Over the course of several thousand years, the cheetah served as an important status symbol in numerous civilizations including the Egyptian, Persian, Mughal, and Frankish Empires. Akbar the Great was said to have kept 1,000 cheetahs on his palace grounds, and Emperor Haile Selassie of Ethiopia had an affinity for keeping them as pets.
But like many large African and Asiatic mammals, cheetahs are now threatened by a loss of habitat, genetic issues, poaching, and a range of other problems. The fastest land animal on earth is now threatened by extinction and is in a race against time as its numbers dwindle, with just over a few thousands remaining in the wild.
Photographer Frans Lanting and filmmaker Christine Eckstrom have spent years documenting the natural world and teaching people how they can coexist with wildlife. In the following film from National Geographic Live, Lanting and Eckstrom explain how they documented rare cheetahs in Africa and in Iran and what challenges lay ahead for these elusive felines.
Global cheetah populations have plummeted over the past century, from an estimated 100,000 cheetahs in 1900 to fewer than 10,000 today. And once upon a time, cheetahs roamed the deserts of Iran. But international scientificsurveys recently confirmed what Iranian biologists already suspected– today there are fewer than 100 Asiatic cheetahs left on earth.
The Iranian Cheetah Society, founded in 2001, has started using social media, including their youtube channel, to promote awareness about endangered Asiatic cheetahs in Iran. The organization posts short video clips from their research in northeastern Iran, both in the Miandasht Wildlife Refuge and the Behkadeh Reserve, featuring rare Iranian cheetahs in the wild.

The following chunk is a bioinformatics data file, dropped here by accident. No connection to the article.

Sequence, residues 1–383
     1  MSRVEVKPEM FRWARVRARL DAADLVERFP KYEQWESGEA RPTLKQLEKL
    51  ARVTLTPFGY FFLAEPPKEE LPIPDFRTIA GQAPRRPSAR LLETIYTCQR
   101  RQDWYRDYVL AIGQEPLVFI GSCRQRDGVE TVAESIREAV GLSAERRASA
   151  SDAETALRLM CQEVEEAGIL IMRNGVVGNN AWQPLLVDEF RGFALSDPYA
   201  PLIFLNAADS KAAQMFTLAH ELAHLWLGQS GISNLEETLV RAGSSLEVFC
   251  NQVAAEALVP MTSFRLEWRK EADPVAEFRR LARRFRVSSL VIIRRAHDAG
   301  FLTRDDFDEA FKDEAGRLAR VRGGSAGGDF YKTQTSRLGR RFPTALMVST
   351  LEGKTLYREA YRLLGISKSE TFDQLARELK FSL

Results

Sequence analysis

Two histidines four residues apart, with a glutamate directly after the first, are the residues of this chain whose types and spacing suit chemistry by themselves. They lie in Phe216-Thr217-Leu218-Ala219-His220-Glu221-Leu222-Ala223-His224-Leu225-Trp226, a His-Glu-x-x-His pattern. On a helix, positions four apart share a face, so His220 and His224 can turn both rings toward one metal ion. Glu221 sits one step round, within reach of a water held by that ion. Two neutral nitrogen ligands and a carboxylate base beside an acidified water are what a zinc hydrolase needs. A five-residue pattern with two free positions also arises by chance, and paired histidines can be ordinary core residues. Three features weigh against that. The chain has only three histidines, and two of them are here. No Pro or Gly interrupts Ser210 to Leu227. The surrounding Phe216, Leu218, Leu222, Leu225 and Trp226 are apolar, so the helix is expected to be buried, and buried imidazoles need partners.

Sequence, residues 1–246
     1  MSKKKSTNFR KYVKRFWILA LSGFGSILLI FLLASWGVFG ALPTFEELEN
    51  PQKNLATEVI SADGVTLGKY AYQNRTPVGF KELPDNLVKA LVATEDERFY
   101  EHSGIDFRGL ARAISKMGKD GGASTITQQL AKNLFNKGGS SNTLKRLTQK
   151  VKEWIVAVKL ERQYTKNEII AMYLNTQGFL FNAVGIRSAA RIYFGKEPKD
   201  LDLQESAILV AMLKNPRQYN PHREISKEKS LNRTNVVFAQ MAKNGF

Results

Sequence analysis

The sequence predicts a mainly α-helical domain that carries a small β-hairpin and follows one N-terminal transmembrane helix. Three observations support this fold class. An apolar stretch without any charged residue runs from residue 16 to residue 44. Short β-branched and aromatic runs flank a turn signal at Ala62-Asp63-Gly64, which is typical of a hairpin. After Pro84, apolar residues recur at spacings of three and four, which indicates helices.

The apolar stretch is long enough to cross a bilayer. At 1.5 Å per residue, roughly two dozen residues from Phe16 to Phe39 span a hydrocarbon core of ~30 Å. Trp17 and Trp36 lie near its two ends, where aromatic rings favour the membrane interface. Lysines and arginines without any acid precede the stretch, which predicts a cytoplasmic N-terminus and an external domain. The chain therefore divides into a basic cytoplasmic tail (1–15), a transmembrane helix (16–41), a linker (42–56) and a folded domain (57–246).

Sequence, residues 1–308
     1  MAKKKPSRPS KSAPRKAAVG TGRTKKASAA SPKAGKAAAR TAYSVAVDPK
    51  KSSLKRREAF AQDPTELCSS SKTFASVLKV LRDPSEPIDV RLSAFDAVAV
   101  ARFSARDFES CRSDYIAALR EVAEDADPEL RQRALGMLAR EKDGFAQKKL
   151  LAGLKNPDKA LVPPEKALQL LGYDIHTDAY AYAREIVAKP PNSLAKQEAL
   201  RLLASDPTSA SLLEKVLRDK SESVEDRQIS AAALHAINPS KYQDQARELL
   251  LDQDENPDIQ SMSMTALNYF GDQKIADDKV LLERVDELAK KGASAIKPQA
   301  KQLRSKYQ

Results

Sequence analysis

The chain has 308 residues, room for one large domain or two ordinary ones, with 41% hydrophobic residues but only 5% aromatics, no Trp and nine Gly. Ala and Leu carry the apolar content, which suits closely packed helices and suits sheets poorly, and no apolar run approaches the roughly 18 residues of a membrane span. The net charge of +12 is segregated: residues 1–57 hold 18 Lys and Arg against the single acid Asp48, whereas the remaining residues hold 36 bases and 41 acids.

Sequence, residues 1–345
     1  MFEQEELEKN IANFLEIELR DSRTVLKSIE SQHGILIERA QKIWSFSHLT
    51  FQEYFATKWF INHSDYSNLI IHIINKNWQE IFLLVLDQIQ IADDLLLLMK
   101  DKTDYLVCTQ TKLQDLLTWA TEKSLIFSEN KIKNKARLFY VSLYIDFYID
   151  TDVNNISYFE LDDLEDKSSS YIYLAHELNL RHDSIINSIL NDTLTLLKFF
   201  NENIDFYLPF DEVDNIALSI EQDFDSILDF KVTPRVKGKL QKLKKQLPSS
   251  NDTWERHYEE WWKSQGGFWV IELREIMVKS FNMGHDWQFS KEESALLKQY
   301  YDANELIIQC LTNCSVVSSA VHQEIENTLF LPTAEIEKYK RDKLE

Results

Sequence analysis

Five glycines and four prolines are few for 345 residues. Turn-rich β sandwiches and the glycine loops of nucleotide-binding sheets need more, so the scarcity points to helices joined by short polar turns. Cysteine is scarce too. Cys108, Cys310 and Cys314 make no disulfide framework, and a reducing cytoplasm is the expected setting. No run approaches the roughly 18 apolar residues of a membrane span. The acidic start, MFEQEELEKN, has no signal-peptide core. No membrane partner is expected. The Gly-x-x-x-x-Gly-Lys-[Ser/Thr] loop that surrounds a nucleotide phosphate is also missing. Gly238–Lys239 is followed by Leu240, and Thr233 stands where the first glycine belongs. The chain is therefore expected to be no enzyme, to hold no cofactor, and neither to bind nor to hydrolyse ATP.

The dwindling population of Persian gazelles, devastated by heavy poaching in previous decades, has negatively impacted Iran’s cheetahs. Poachers are a serious threat to many endangered species across the Middle East.
A recent picture we featured of Lebanese bird hunters and their kill in a national park sparked fiery debates on social media. And in the case of Iran, both their cheetah and leopard populations are teetering on the brink of extinction.
According to Wikipedia The Asiatic Cheetah is a critically endangered subspecies of the Cheetah found today only in Iran, with some occasional sightings in Balochistan, Pakistan.
It lives in its vast central desert in fragmented pieces of remaining suitable habitat. Although once common, the animal was driven to extinction in other parts of Southwest Asia from Arabia to India and Afghanistan.
Estimates based on field surveys over ten years indicate a remaining population of 70 to 100 Asiatic Cheetahs, most of them in Iran.